For patients with uneven limbs, limb lengthening may be an option. However, treating this conditions properly, whether it’s due to injury or infection, requires orthopedic surgeons with unique experience.
J. Dean Cole, MD, the medical director at the Florida Hospital Orthopaedic Institute Orlando (FHOIO) is a pioneer in the field of orthopedic traumatology. In fact, he is the creator of the Intramedullary Skeletal Kinetic Distractor (ISKD), the leading treatment option for this condition. The ISKD has proven so popular and effective that it’s now the preferred procedure for limb lengthening worldwide.
Certain factors affect the duration and success of the Intramedullary Skeletal Kinesthetic Device (ISKD), including the desired length, the speed at which bone forms, and how effectively patients follow the recommended activities. Typically, J. Dean Cole, MD and his colleagues set a goal of extending the ISKD 1 millimeter each day. This process usually lasts for about one year, at which time additional ISKD devices can be implanted if necessary.
There is a strict selection process, and not all patients qualify. Accepted candidates may have shorter limbs due to deformities or trauma; they may also be seeking cosmetic limb lengthening. Some patients may also suffer from back pain due to shortened limb lengths. Regardless, candidates should be ready to commit to the process, and must thoroughly understand this technique and its limitations.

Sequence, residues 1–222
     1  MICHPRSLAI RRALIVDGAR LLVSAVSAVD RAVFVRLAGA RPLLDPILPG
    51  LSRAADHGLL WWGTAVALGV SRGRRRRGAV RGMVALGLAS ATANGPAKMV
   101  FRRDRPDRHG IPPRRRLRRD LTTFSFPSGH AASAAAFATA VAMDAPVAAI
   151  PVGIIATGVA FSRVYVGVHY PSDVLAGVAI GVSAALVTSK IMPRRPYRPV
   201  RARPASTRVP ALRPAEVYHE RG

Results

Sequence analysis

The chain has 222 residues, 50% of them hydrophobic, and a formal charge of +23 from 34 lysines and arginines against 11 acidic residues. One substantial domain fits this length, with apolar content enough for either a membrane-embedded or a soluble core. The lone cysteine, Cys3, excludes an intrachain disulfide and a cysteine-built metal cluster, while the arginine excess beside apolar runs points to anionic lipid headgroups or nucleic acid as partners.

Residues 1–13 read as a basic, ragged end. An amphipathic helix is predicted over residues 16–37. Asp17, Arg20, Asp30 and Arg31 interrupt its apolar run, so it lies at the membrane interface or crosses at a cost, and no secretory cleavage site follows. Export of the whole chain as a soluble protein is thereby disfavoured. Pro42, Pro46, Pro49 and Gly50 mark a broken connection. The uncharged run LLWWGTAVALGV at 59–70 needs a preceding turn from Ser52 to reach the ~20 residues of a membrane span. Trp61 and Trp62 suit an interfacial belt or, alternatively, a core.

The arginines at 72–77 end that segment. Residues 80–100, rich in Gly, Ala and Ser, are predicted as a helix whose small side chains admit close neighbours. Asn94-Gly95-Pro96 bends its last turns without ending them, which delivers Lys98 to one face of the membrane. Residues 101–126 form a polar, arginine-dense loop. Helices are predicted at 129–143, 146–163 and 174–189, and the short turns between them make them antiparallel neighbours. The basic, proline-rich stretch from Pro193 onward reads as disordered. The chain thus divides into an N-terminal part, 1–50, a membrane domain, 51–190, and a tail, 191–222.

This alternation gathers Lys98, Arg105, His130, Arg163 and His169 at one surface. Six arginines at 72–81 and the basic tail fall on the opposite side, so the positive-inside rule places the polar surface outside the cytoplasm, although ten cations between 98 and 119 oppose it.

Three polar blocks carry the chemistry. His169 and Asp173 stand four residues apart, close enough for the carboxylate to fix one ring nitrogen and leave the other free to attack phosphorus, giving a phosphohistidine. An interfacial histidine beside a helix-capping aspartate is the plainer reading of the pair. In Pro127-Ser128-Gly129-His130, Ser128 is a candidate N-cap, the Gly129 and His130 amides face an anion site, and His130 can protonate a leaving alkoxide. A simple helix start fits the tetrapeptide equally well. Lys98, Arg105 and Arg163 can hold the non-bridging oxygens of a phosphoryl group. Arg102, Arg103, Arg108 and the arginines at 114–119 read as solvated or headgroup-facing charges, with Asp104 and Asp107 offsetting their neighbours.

Before any procedure is considered, J. Dean Cole, MD and his colleagues determine the specific lengthening goals. They use preliminary x-rays and take measurements of joint motion and body structure. These methods enable the lengthening device to be preset to the planned length, ensuring a successful healing process.
Performed under anesthesia, the ISKD procedure usually takes about two hours. First, an orthopedic surgeon implants a telescoping metal rod into the affected bone. After implantation, the surgeon splits the shortened bone in two (an “osteotomy”). In the newly created space, bone growth and healing develop gradually, until equal limb length is achieved. Soft tissue, including muscle and skin, forms as well.
After surgery, the uneven bones are pulled apart at a very slow rate until the new bones can support the patient’s weight. The gradual movement is done through regular limb movements. This entire process is internal, with no external fixation pins or wires. Once the desired bone growth is achieved, the ISKD device can be surgically removed.
To ensure and maintain patients’ rates of new bone growth, long-term, personalized physical movement programs are prescribed. These movements, typically foot, knee, ankle or leg rotations, cause the telescoping rods to gradually extend new bones. Patients should take measurements at least five times each day, though this growth can be monitored at any time, especially following physical activity.
This exertion, which often involves the participation of others, can include normal activities, controlled movements and partial weight-bearing exercises. Once the ISKD is implanted, it’s vital that patients strictly follow their specific program schedules. These movements are very safe, and following surgery, patients receive handheld magnetic sensors. Along with monitoring daily bone growth, these sensors greatly reduce the risk of accidentally over-stretching the newly formed bones.